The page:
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Treating a Child With Swine Flu

WebMD talks to pediatricians for answers to common questions parents have about swine flu.
By
WebMD Feature
Reviewed by Louise Chang, MD

What should you do if your child gets H1N1 swine flu? It’s a question many parents are facing this flu season. While the majority of cases for children and teens have been mild, requiring only home treatment, a growing number of children -- some with no underlying medical conditions -- have needed hospitalization or have died from the disease.

Here are answers to common questions about treating H1N1 swine flu in your children and advice on when you need to seek medical attention.

Swine Flu Outbreak: Get the Facts

Swine Flu Slideshow

Learn more about the H1N1 swine flu and see what you can do to stay healthy.

View the slideshow.

What if your child gets sick? What are symptoms of swine flu in children?

"Influenza is very different from the common cold,” says Joseph Bocchini, MD, chairman of the American Academy of Pediatrics Committee on Infectious Disease. Bocchini is also chairman of the department of pediatrics at Louisiana State University. “Classically, with influenza, children have sudden onset of significant fever with respiratory symptoms. High fever, chills. Older children will complain of headache, scratchy sore throat, and muscle aches. Children will develop a nasal congestion and cough."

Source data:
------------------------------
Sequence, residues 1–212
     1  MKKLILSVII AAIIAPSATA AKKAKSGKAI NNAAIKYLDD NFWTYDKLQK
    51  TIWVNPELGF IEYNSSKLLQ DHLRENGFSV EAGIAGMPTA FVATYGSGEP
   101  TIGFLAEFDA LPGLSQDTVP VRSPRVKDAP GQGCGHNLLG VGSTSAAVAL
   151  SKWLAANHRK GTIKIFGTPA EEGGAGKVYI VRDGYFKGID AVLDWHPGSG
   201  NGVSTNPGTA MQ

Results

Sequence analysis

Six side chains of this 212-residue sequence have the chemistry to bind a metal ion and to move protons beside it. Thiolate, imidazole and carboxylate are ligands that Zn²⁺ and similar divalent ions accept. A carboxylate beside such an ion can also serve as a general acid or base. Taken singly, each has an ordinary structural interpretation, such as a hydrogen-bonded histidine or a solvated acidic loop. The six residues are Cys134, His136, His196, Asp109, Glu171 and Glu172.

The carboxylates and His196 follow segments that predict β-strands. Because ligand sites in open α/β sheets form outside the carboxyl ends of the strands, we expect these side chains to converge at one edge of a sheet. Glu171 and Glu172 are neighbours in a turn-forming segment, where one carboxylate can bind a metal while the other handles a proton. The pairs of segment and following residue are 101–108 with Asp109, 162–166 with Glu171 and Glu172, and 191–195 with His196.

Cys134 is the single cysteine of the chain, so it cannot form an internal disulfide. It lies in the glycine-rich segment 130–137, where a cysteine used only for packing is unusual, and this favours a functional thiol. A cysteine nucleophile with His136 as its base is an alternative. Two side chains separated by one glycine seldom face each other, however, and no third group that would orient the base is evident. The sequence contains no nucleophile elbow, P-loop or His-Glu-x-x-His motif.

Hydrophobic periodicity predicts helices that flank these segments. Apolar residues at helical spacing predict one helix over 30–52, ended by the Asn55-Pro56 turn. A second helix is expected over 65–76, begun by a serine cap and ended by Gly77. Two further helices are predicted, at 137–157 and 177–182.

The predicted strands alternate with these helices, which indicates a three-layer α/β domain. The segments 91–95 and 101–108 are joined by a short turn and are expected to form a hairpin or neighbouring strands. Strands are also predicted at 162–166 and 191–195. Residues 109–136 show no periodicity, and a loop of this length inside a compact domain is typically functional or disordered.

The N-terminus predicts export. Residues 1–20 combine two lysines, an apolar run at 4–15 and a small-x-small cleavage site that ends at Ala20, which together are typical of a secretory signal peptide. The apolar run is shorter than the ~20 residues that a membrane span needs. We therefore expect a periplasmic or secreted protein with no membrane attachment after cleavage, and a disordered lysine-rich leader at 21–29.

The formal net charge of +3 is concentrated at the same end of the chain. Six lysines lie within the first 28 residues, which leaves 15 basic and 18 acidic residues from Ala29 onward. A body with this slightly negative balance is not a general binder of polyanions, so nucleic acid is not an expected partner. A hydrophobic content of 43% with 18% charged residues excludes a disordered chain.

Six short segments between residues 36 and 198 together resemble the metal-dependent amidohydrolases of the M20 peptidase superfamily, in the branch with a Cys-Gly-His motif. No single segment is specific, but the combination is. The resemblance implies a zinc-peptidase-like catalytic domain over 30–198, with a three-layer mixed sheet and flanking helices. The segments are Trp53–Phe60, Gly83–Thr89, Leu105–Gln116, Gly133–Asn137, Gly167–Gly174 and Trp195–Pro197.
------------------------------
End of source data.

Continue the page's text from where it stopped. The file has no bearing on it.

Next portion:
What should parents do if their child has flu-like symptoms?

This flu season, it's more important than ever to keep sick children at home until at least 24 hours after their symptoms go away.

“If a child has mild illness, or something that looks like the flu, with fever and chills, headache, body ache, coughing, sore throat, they should definitely stay home from school or day care, says pediatrician Heather O’Donnell, MD, of the Albert Einstein College of Medicine and the Children’s Hospital at Montefiore, Bronx, N.Y. "They should continue taking Tylenol and Motrin for fever. Parents should encourage hydration.”

If your child is 5 years old or older and is otherwise healthy, consult your doctor as needed -- and follow O'Donnell's advice to make sure the child drinks enough fluids and gets a lot of rest.

If your child is younger than 5, or if your child of any age has a medical condition such as asthma, diabetes, or a neurologic problem, call your doctor or get medical attention. Younger kids and kids with longstanding medical conditions are at risk of serious disease if they get either seasonal or pandemic H1N1 swine flu.

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